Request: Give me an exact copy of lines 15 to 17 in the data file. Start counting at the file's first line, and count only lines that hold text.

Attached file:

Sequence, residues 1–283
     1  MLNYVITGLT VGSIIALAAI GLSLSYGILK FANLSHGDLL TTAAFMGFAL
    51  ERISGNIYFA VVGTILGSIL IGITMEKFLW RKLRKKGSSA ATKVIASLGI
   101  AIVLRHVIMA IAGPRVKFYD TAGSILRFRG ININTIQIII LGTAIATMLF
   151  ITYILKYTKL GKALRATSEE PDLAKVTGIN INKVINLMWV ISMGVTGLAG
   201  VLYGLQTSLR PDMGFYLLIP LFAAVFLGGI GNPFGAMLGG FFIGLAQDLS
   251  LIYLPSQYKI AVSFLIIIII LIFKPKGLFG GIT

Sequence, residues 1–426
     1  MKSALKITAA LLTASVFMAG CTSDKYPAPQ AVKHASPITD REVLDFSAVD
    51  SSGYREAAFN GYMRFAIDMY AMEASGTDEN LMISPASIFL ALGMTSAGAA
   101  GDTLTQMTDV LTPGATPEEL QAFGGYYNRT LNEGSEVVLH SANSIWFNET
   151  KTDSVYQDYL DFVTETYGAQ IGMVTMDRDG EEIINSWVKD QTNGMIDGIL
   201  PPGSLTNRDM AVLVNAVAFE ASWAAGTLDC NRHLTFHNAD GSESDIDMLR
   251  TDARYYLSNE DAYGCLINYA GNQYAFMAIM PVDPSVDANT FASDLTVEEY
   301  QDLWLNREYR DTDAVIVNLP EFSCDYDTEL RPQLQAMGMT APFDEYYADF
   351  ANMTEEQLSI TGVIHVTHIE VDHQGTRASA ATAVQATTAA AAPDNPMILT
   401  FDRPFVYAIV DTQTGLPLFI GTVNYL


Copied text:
   301  QDLWLNREYR DTDAVIVNLP EFSCDYDTEL RPQLQAMGMT APFDEYYADF
   351  ANMTEEQLSI TGVIHVTHIE VDHQGTRASA ATAVQATTAA AAPDNPMILT
   401  FDRPFVYAIV DTQTGLPLFI GTVNYL